Sydney Harbour

Sustainable Cities Index 2018

Citizen Centric Cities

The 2018 edition of Arcadis' Sustainable Cities Index (SCI) explores city sustainability from the perspective of the citizen. We seek to understand in more depth how different cities enable different citizen groups to meet their particular needs.

Australia Sustainable Cities Index 2018

We continue our exploration of the People, Profit and Planet dimensions of city sustainability, building a greater understanding of the underlying characteristics of cities that enable some to outperform their peers.

Our intention is that by initiating further debate on the nature of long-term success, cities will continue to challenge themselves to meet the needs of their people for both today and tomorrow.

This year, Sydney, Melbourne, Canberra, and Brisbane were included in our exploration of the 100 leading cities around the world.


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Sydney

Balanced Innovator



Sydney was the top ranked Australian city in this year’s index, coming in at 34. Performing well in the Profit pillar, Sydney’s strong focus on developing integrated transit systems, addressing affordability and embracing sustainability in construction are all positive signs for future improvement across the three pillars.

Sydney, George Street

Melbourne

Post-industrial Opportunist



Melbourne was the lowest ranked Australian city at 56. While Melbourne is in the bottom half of the rankings it isn’t all bad news for the city. The last few years has seen Melbourne shift beyond green sustainability to social sustainability. Both government and private developments are increasingly focusing on how projects can better improve communities, including financial gains and community wellness.

Melbourne CBD laneway

Brisbane

Balanced Innovator



Despite just making the top 50, there are plenty of positive signs for the future of Brisbane. The city’s long-term vision, coupled with current and proposed infrastructure upgrades will help improve the overall sustainability of the city. Brisbane must focus on becoming a better functioning city and leveraging the strong infrastructure investment underway for it to not only perform better against other Australian cities but on the regional and global stage.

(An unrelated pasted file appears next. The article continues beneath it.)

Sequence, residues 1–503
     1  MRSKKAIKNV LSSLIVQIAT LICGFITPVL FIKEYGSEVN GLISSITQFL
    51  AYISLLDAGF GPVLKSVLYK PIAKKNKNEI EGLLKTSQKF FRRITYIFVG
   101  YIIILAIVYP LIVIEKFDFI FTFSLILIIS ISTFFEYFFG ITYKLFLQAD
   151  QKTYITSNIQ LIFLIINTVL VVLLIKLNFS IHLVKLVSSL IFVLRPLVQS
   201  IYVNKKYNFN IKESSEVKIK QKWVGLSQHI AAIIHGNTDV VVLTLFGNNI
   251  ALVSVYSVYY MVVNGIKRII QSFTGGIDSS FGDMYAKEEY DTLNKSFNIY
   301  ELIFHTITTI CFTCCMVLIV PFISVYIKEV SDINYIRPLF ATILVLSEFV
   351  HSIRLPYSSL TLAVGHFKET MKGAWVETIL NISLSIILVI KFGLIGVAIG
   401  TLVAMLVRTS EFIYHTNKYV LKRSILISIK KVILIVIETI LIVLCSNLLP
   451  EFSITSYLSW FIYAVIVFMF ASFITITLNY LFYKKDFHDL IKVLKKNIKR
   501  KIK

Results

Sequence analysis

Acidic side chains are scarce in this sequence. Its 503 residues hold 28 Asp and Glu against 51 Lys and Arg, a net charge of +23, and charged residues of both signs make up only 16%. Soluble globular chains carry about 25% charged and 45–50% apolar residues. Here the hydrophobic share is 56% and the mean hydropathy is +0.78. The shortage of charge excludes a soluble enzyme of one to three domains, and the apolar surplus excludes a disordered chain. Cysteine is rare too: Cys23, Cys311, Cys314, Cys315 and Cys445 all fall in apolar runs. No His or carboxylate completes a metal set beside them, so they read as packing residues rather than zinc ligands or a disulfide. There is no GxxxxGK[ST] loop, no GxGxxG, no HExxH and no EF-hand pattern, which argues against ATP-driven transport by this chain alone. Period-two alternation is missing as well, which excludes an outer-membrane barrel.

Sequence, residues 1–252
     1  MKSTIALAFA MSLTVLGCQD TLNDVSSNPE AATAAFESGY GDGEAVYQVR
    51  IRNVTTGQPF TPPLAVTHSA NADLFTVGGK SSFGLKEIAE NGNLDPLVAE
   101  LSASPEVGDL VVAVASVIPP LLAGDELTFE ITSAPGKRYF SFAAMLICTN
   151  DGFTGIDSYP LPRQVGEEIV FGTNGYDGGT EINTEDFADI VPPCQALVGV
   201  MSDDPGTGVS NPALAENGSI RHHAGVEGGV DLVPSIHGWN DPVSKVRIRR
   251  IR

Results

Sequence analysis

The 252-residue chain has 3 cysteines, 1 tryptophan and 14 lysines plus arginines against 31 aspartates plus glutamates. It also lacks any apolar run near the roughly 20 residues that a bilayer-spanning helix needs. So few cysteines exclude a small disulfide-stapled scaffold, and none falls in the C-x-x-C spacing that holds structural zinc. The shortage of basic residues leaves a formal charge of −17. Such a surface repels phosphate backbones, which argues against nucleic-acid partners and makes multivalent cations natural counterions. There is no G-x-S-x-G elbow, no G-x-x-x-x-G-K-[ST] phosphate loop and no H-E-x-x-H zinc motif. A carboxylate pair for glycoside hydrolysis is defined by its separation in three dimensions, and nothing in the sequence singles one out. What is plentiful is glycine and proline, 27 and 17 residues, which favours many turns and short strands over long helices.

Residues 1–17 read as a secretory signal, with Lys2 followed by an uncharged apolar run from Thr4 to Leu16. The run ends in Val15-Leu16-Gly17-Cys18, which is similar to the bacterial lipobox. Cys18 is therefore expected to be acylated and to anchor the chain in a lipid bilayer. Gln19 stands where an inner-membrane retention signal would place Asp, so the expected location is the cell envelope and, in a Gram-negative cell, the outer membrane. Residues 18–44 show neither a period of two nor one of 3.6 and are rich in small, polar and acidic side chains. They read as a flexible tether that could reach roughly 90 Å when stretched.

Brisbane, aerial view

Canberra

Balanced Innovator



As the second ranked Australian city in the index, Canberra performed strongly in the 2018 Sustainable Cities Index due to its high levels of green-space, the planned nature of the city, and high public service workforce. The nation’s capital was the highest ranked Australian city for the People pillar, performing well across affordability and digital enablement measures.

Canberra, lake and balloons
Australia bus transport

Explaining patterns of city sustainability

City Clusters

To provide greater insight into the factors that influence city development and performance, we have developed a deeper understanding of how citizens and cities relate. This insight is derived from city archetypes based on urban ethnographic research into how cities are evolving and the experience of the citizens living within them. The results of this research is a set of four city clusters.

Balanced Innovators

The key citizen experiences associated with this profile are convenience and security associated with Automation and Sensing and high quality of life associated with an absence of Disruption as well as the infrastructure necessary for a Connected city.

Post-industrial Opportunists

Citizen experiences supported by a growing role of technology are mostly positive but might potentially be undermined by the impact of automation on legacy employment. Cities that match this profile have a more balanced economy so are less likely to be faced with the economic dislocation that has been seen in some recession-hit cities such as Detroit.

Evolutionary Cities

Core citizen experiences in these cities are focused on aspects of informal entrepreneurialism - articulated possibly as micro-enterprise or alternatively as community self-help.

Fast-growing Megacities

Citizen experiences include high levels of informal economic activity as well as the powerful influence of enterprise – often directed by the state to deliver development and services.

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Stephen Taylor

Australian Cities Director +61 2 8907 9084 Ask me a question
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